Jack Sharry: In a lot of ways Martin would love to have you expand on this, we you and I, probably pretty much everyone on this podcast grew up in an industry that was single account, single product focused, single tech focused. And soon as you start to think about how to bring it all together, you got to consider a lot of things risk, task, tax, and cost and wash sales and asset location. And you have the whole dynamic of multi account, we’ll talk a little bit about that if you would, because you basically, you and our colleague, Paul Samuelson, figured out how to do what you need to do. And together, you guys developed our algorithms around dealing with it, because you have to consider lots of really, we don’t need to get in the nooks and crannies today. But there’s lots of nooks and crannies in there that you need to be mindful of because they produce alpha. And then also if you would talk about how we determine that was critically important to quantify the benefits, because it’s so hard to explain what we’re doing. So what if you would address all that?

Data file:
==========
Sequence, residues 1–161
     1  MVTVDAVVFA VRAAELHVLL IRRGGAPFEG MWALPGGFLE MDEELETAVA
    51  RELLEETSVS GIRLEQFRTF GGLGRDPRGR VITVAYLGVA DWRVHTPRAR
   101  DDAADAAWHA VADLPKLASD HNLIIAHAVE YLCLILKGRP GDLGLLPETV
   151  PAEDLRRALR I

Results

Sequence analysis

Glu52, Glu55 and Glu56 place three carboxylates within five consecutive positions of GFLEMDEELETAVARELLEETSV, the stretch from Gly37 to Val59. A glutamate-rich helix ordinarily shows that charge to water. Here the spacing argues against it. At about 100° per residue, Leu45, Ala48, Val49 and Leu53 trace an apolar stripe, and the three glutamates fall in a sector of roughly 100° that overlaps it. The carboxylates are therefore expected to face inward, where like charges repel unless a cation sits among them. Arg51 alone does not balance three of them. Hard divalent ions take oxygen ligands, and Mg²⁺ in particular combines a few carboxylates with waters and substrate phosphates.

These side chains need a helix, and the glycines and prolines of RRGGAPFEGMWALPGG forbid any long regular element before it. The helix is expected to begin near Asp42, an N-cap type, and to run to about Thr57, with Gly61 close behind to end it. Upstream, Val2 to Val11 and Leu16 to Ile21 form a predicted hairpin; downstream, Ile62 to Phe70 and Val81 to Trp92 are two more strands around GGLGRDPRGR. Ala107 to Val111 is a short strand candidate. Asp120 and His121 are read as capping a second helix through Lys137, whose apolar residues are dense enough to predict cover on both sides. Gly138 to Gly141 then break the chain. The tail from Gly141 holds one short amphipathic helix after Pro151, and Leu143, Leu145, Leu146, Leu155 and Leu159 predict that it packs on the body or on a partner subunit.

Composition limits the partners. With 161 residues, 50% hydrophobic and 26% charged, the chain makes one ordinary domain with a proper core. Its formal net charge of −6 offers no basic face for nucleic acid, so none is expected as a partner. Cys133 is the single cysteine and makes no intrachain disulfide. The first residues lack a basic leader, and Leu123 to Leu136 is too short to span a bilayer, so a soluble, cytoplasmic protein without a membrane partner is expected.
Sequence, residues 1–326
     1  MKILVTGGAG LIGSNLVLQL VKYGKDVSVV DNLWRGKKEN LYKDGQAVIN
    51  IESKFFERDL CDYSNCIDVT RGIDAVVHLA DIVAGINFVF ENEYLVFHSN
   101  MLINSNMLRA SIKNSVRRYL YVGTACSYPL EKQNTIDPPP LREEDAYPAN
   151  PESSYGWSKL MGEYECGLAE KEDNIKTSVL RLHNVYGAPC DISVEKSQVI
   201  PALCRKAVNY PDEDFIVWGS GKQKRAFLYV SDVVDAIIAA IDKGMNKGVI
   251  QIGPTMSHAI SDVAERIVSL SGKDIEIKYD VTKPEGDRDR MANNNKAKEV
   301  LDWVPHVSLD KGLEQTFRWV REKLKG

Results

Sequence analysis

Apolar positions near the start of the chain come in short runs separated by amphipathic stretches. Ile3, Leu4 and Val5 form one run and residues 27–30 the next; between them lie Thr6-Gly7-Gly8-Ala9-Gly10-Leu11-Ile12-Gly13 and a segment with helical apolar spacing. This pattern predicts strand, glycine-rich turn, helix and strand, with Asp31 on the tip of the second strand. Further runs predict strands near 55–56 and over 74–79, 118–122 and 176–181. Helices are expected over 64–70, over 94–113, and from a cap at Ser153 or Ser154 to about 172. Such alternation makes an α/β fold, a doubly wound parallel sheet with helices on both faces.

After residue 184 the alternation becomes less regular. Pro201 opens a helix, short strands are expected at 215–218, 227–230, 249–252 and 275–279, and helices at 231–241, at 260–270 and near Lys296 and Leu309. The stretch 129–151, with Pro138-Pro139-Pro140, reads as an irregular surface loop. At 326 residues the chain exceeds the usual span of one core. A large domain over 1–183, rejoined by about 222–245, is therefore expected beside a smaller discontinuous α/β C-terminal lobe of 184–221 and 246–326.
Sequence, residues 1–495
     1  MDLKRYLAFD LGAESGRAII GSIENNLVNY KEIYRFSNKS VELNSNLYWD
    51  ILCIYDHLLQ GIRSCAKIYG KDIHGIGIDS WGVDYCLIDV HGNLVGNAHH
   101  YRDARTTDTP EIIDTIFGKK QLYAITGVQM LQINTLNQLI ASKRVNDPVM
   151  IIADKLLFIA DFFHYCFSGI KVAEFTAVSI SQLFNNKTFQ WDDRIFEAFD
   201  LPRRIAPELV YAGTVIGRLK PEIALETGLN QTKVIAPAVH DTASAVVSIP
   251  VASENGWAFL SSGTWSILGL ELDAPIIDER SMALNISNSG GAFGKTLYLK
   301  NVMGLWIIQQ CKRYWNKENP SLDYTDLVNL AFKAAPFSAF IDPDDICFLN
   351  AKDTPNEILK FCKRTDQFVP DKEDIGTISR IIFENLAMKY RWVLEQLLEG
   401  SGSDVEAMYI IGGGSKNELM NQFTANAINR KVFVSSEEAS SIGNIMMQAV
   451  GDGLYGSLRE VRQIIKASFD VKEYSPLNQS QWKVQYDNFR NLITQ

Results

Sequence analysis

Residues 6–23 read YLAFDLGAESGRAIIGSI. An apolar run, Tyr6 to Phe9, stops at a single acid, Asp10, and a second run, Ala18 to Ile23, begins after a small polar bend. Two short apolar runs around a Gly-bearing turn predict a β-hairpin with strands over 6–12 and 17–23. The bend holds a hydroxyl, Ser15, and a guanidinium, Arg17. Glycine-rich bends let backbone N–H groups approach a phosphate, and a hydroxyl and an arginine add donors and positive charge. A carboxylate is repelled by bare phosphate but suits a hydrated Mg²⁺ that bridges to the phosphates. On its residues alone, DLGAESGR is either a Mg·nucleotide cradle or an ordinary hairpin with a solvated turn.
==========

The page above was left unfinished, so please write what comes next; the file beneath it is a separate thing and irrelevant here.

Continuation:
Martin Cowley: Yeah. So in terms of the account centric part, one common thing that we have to deal with is, is SMAs and UMAs. So when you think about a household and some level of risk, we tend to take drift as a proxy for risk. So there’s other systems, other workflows that our clients already have around arriving at an asset allocation for a client. And a lot of our clients have started moving towards a household view. Because it’s kind of a natural workflow. When you think about it, when you think about somebody running a financial plan for one of their clients, then that’s household level, by definition, you never really run a financial plan for one account, you always run it holistically, looking at all of the anticipated spending expenses in retirement, when they’re going to retire, what their social security payments are going to look like. What does their investment portfolio look like now? What do they expect to contribute to different types of accounts, and so forth. So planning happens at the household level. And then there’s a bit of a gap between the end of planning and what actually gets implemented in the accounts. Accounts are still very much managed in a somewhat siloed way when you think about the types of products that go into them. So we’ve been careful to stay away from the risk part. We’re not doing a risk evaluation. We’re not helping people arrive at an asset allocation. We’re not taking over that part. of the process. So, by the time LifeYield is engaged in a workflow for a client, then that asset allocation has already been selected based on the client’s risk level. And then it’s down to us to say, here’s the best way to implement it, given the accounts that the client has. There’s a lot of variables there, around the size of people’s accounts, the type of their accounts, the investments that are currently in those accounts, and other things, such as the client’s tax rates. There’s a lot of variables that go into it. But then when you when you do that mapping, that translation from what comes out of planning, and then actually gets implemented in those accounts. That’s where the challenge comes when you think about the fact that, in some cases, advisors are selecting investments for their clients they’re working through and saying, Well, you need to have X amount of US large cap, this is my currently recommended us large cap fund. So we’re going to put you in this, or an a different advisor might do something else. Sometimes they may say, Well, you need to have 60-40 mix, I’ve got this unified managed account program. And here’s a model that gives you a 60-40 mix. So I’m going to put you in that managed account. So what we’ve had to do, I mentioned early on that we were assuming full control of all of the cells, and then generally category level by suggestions. So advisors could still pick the recommendations make the recommendations that they wanted, we’ve moved now to recognizing that we’ve got to meet not just the users where they’re at, but also the systems, clients have a big investment in systems that are often account centric, and they all are trying to move in the UNH direction. So they can coordinate accounts and have that overlay view. So over the last six or seven years, in particular, we’ve added a lot of functionality for that we can be aware of the models that individual accounts can be assigned. And we can help with that recommendation. So it’s like an easy button, you just press the button within our clients user interface. And we can go through and say, Well, based on optimal location, trying to meet your target allocation, at the same time as minimizing your tax drag. Here’s the set of model assignments we suggest. So maybe account number one has model six, count number two has model three, and so forth. And then those, the beauty of that is that the downstream systems, so the SMA systems, they don’t know anything happened, they’re just running as normal, they had a model assigned, they’re being run everyday correcting drift, investing cash, everything stays pretty much the same. But you’ve then added this UMA overlay on top of existing processes with minimal disruption. And it’s that minimal disruption is really what we’ve been striving for, to help move in this direction.